Sid Meier's RAILROADS!
Developed by: Firaxis Games, known for the Civillization series
Published by: 2K games
Designed by: Sid Meier (If you haven't figured that out by now.)
In 1990, Sid created Railroad Tycoon, a Isometric 2D turn-based game that simulated running a railroad under your command and it was so successful, Firaxis made 2 sequels. Then in 2004, Sid visited a Toy train exhibition in Germany and his love for trains was rekindled, sparking him to recreate the game that launched the 'tycoon' game.
In October of 2006, Railroads! was released, to a in-unanimous crowd of two factions. There were those who loved the game for it's new simplicity, art style and cut-throat relatively faced pacing compared to it's predecessors, and those who criticized the game for not having as much as the prequels and 'ridiculous cartoony visuals'.
Obviously I'm on the side that likes it. Movingonwardly,
Railroads! is a game that incorporates the stock market, quick thinking and strategy and anyone's love of trains into one little clean package. Let's imagine a new game in Railroads!: you have a station and a bit of track, 10 stocks, five of which you own, and $500,000 in spending cash. The little town you have is near a big city, a grainery and a Lumber yard. Your town has a Cereal factory in it, and the nearby city has a furniture plant.
You have several options: build a track to the grainery, purchase a train and ship grain to your town, build a track to the city and get with the fast beat of passengers/mail, or you could build to the lumber yard to sell some wood to the city's Furniture plant. Once you start making either food or Manufactured goods from the town or city, you can then sell them from one place to another for greater price than the primary industry's goods. From there it goes crazy, because there's not just grain, food, wood and manufactured goods. There's 50 different goods to ship, and as time progresses, 40 different locomotives to haul them.
What makes the game difficult is that there are robber barons; competing railroad companies that would no less like to run tracks through your cities, ship your goods away from you to sell for themselves, buy your stock and ultimately buy you out in a hostile takeover, just as you can [and should] do to them. To keep the advantage, you can buy the industry you sell your goods to, buy that furniture plant so that you get a delivery bonus. You can buy opponents industries as well. But they're not flat-out purchases, they're auctions. Other railroads can bid on that industry, who want that delivery bonus too. There are also patents you can bid on, giving you advantages like faster trains, lesser maintenance costs, increased goods values and other things.
All of this happens on a fast paced scale where an entire game year can elapse in a minute. Decisions decisions, "should I upgrade that engine to a newer model because of it's high maintenance cost, or decrease it's load? No time, Cornelius Vanderbilt is bidding on a highly profitable Steel mill!"
This gets more awesome with 4-person multiplayer online or on LAN.
Enough of the gameplay, let's talk about technical stuff.
Railroads is a surprisingly demanding game graphics-wise which can lead to issues in framerate unless you have a fairly decent-to-awesome graphics card, at which point the game looks stunning. The colourful and rich fun-looking graphics give an amusing undertone to the fast and sometimes chaotic things that happen running the railroads. The amendment for the faced paced-ed-ness to enjoy the trains is either singleplayer with no opponents, or on turntable mode, which gives you unlimited funds to make the ultimate toy train set that could never be.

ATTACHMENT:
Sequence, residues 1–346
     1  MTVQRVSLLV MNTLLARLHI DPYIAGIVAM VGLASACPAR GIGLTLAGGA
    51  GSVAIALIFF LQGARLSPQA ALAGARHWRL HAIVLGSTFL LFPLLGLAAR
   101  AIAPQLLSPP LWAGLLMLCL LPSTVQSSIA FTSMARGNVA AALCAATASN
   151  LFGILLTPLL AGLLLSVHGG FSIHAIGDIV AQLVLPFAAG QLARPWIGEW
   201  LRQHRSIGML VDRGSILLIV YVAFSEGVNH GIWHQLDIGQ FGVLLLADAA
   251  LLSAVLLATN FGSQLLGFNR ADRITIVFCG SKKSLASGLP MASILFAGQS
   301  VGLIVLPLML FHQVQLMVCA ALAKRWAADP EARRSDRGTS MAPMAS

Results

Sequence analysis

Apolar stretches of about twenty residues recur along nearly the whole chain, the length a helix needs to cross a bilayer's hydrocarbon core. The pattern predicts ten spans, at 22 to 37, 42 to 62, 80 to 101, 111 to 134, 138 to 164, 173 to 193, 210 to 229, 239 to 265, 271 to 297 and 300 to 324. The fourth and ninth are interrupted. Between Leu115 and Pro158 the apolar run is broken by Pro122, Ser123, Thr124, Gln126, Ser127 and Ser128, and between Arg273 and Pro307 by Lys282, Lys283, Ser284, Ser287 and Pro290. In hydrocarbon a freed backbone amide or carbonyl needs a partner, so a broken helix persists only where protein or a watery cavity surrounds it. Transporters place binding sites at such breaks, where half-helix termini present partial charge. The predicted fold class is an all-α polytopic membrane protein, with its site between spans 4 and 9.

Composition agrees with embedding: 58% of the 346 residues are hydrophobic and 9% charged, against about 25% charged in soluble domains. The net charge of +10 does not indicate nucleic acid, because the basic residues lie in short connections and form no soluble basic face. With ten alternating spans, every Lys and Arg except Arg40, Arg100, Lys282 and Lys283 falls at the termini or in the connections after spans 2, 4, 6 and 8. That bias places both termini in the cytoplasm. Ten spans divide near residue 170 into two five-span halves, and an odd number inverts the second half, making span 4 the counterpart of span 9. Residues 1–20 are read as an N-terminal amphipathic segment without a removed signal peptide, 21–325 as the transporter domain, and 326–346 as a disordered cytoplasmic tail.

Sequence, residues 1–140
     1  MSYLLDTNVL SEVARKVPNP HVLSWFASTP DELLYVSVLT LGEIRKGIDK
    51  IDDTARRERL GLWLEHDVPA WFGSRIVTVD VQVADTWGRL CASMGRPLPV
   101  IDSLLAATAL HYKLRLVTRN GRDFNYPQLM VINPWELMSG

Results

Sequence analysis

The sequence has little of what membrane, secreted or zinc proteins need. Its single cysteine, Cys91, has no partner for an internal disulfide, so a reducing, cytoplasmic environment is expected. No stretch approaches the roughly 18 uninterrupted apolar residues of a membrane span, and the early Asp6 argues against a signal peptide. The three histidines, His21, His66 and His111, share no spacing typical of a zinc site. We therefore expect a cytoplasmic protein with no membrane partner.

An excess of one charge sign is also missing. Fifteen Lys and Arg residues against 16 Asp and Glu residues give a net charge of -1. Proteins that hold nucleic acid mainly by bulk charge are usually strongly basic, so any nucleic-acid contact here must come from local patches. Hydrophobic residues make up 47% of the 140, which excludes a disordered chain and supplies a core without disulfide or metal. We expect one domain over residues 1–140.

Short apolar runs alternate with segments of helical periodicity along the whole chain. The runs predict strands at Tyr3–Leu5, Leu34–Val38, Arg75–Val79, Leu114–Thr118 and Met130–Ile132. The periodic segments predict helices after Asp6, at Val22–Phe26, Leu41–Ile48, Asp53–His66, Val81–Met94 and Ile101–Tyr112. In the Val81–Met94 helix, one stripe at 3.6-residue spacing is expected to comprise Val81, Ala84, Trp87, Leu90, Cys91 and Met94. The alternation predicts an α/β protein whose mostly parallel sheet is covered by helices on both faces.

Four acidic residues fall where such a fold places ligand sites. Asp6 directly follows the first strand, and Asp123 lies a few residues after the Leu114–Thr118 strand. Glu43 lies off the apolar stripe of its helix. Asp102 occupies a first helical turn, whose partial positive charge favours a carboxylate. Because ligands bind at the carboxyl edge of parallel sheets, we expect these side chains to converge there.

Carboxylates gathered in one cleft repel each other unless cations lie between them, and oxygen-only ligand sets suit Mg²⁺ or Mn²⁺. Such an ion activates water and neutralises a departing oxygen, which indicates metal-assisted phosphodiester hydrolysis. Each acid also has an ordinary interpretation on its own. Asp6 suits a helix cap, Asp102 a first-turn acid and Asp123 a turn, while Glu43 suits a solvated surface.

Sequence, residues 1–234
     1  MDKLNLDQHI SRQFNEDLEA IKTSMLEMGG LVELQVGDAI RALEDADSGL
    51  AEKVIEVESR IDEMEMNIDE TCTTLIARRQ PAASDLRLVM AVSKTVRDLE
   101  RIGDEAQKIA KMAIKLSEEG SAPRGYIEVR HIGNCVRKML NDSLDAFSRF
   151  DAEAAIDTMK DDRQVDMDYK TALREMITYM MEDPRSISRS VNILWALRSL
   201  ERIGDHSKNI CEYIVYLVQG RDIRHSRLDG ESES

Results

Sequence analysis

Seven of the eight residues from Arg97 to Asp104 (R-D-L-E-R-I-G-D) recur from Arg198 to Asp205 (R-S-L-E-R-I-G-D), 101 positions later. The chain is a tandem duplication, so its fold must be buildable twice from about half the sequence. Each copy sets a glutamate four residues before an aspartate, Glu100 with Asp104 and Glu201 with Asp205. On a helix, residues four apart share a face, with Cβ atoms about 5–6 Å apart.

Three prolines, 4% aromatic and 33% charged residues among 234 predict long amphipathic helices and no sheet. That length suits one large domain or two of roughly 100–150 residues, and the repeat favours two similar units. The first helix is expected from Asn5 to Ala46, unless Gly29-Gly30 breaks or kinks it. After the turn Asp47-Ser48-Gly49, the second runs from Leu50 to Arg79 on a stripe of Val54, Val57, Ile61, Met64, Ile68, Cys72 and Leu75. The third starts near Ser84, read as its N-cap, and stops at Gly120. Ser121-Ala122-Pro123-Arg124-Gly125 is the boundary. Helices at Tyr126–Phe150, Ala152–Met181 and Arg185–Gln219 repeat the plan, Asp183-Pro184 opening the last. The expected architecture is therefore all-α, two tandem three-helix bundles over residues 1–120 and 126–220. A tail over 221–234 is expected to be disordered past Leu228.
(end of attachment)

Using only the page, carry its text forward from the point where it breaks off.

The game is incompatible with Vista, which was a downer for me, until I found out how to manually patch it with a Dos-based Executable. Here's a link to the HowTo video I made.
The criticism of the game lies in nostalgia, one could say. Compared toRailroad Tycoon 3, it has significantly smaller maps, about half as many trains, more limited time periods and fewer transportable goods. My say is that the maps are perfect for the game's scale, and that 50 goods for 40 trains is enough between the minimum and maximum years of 1829 to 1985.
Other arguments are drivel concerning the camera or less complexity than predecessors. I like how 2K put it:"Easy to pick up and play, yet challenging to master.". A game that puts you in a comfy seat to learn that eases it's way to the chaotic hardseat of the CEO of Epic Rail Inc. is one I am very satisfied with, as opposed to greater complexity, which could alienate newcomers.
My verdict is that this is a superb game for anyone who enjoys strategy in United States or Europe as a Up-and-coming entrepreneur as opposed to Battle commander 50,000,000,000 AD.A must-have game for any train enthusiast.
While I am not a train enthusiast by nature, nor do I particularly enjoy strategy games, your review was well written and informative enough to evoke within me a genuine interest for this game. Now if only I had some spare cash to buy it with.
Thanks for the compliment. It's nice to know that my review is better than I thought it was, according to others.
This is an excellent review, so Kudos. I'm not sure there's much I could add constructively, and I'm sure no one likes a nitpick.
For someone new to the genre, would you recommend this or something else in the Tycoon series?
I heartily recommend this as a starter to get into the series. It's the most simple and user-friendly of the quadrilogy.